The rules have changed for an important step for homebuyers in Kansas. Whether that's a good thing depends on who you talk to about the change.
Home inspectors have been operating under a set of guidelines and those guidelines sunset this year. The Legislature voted in favor of extending the guidelines, but Kansas Gov. Sam Brownback vetoed it.
After his veto, many are arguing that, to legally become a home inspector, it's as easy as printing off a business card.
One political rung at a time industry experts like Randy Sipe convinced Kansas lawmakers to renew a law that required Kansas home inspectors, like himself, to be licensed.
"It was good for the general public, it was good for the sellers, it was good for the buyers and for the inspectors," Sipe said.
But Brownback vetoed the bill, questioning, "...whether the potential harm inflicted upon the citizens of Kansas by unscrupulous home inspectors warrants the expansion of government and increased regulation that was applied in 2008 to this segment of the private sector."
Those who favored extending the guidelines said, without them, it's possible for anyone to do the job.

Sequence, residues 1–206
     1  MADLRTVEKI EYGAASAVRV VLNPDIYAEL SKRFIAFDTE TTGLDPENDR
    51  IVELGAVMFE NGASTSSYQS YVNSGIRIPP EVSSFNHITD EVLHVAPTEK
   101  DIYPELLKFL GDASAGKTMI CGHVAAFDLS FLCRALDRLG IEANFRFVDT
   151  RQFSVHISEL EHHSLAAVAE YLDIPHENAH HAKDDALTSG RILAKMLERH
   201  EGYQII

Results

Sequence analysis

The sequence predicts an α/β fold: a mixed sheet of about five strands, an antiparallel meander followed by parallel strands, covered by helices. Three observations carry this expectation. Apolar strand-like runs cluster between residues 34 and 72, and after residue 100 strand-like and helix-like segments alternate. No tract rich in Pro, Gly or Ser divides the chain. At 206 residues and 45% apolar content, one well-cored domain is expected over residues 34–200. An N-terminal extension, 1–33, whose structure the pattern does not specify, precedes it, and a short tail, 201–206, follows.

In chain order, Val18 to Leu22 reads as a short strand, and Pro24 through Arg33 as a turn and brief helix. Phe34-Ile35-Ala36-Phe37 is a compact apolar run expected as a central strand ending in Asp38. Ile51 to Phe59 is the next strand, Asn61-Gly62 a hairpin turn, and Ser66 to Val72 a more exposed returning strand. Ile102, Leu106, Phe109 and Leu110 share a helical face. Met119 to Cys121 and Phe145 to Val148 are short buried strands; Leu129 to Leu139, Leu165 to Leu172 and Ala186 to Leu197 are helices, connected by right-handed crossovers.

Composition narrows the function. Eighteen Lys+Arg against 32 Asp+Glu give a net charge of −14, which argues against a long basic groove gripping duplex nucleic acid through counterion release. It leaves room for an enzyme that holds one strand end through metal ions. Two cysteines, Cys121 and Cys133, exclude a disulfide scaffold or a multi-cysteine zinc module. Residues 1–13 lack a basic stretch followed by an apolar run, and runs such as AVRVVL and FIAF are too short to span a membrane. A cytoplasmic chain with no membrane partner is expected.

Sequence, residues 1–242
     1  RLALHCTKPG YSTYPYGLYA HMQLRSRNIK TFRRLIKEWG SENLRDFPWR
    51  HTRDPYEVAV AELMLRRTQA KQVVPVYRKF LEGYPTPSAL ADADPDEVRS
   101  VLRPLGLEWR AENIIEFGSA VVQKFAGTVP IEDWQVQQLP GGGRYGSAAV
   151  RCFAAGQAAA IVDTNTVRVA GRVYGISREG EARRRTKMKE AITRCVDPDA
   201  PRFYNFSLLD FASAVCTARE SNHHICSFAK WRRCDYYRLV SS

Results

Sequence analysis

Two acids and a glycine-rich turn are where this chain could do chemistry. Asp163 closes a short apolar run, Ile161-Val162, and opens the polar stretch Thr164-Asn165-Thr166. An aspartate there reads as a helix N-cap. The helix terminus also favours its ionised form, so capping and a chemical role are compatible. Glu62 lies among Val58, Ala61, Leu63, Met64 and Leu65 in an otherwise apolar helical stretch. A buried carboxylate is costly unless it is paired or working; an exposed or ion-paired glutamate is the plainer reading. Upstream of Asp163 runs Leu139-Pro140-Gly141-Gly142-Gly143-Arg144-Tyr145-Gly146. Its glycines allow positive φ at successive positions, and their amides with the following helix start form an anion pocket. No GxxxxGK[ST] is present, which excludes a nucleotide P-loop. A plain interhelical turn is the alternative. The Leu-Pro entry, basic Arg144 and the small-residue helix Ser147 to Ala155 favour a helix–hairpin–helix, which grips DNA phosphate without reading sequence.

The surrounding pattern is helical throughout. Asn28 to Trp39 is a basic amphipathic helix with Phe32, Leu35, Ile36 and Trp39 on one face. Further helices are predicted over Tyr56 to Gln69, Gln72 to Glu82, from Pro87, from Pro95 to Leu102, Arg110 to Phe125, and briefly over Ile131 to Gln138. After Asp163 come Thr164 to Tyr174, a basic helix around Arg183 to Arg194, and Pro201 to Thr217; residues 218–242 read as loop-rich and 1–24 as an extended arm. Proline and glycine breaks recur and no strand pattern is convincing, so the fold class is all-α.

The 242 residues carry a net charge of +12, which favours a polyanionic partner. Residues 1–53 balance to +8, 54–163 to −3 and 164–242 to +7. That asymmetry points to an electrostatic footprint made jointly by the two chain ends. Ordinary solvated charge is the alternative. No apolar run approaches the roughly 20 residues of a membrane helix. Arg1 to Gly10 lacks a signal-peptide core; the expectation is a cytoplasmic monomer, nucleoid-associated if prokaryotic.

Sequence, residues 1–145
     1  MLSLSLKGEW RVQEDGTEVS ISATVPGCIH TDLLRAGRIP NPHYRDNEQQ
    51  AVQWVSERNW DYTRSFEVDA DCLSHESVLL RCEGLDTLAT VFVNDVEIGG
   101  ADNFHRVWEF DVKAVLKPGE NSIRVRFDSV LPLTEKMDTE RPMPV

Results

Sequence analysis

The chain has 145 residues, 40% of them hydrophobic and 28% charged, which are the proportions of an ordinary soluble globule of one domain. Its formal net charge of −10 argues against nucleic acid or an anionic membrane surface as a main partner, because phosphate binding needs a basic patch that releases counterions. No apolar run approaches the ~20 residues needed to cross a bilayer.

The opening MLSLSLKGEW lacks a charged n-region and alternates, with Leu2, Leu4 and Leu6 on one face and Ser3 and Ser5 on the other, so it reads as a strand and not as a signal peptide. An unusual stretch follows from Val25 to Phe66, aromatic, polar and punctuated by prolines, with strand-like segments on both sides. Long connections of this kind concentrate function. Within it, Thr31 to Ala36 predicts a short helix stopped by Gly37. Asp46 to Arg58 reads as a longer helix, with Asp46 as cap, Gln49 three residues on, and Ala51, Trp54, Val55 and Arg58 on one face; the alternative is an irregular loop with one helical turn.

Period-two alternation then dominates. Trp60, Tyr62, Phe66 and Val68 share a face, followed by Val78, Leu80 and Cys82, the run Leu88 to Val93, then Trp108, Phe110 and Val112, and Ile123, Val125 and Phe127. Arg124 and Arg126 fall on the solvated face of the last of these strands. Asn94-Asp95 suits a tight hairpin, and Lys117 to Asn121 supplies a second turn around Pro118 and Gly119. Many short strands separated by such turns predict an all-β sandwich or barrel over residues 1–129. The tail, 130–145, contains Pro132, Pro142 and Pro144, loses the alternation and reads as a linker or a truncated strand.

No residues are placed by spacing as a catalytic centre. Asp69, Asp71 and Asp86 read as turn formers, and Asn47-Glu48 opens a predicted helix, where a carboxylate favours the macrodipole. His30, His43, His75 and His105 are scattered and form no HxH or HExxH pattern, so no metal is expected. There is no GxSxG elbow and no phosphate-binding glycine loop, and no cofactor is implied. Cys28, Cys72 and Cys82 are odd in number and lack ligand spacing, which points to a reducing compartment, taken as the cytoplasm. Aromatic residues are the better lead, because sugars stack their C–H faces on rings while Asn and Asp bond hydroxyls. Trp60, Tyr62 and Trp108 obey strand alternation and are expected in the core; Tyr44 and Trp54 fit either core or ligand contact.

"All you have to do is advertise, hang up your shingle, buy a few things off the internet. No education, no testing, no background, no requirements. You're a home inspector," Sipe said.
Jeff Carson, director of governmental affairs for the Kansas City Regional Association of Realtors, said this puts homebuyers in a risky position.
"They're going to make a huge investment - probably the single biggest investment they're ever going to make - and it's going to be on reliance from the information that's provided from that home inspector and that's the scary part right now," he said.
The veto eliminated a state board that set up regulations over an industry that asked for the oversight.
"The good home inspectors support the legislation. That in itself should tell you it's a good thing when the people themselves who are being policed actually support it," Carson said.
Missouri does not and has never required home inspectors to be licensed and some lawmakers are efforting a bill to reverse that.
Kansas now joins more than a dozen states without licensed home inspectors.
There are a few tips to protect yourself when choosing a home inspector:
Ask if he or she is affiliated with a trade organization like American Society of Home Inspectors, which requires them to pass a national exam and have at least 250 inspections completed.
Ask to see a certificate of education from a home inspection school.
Copyright 2013 KCTV (Meredith Corp.) All rights reserved.
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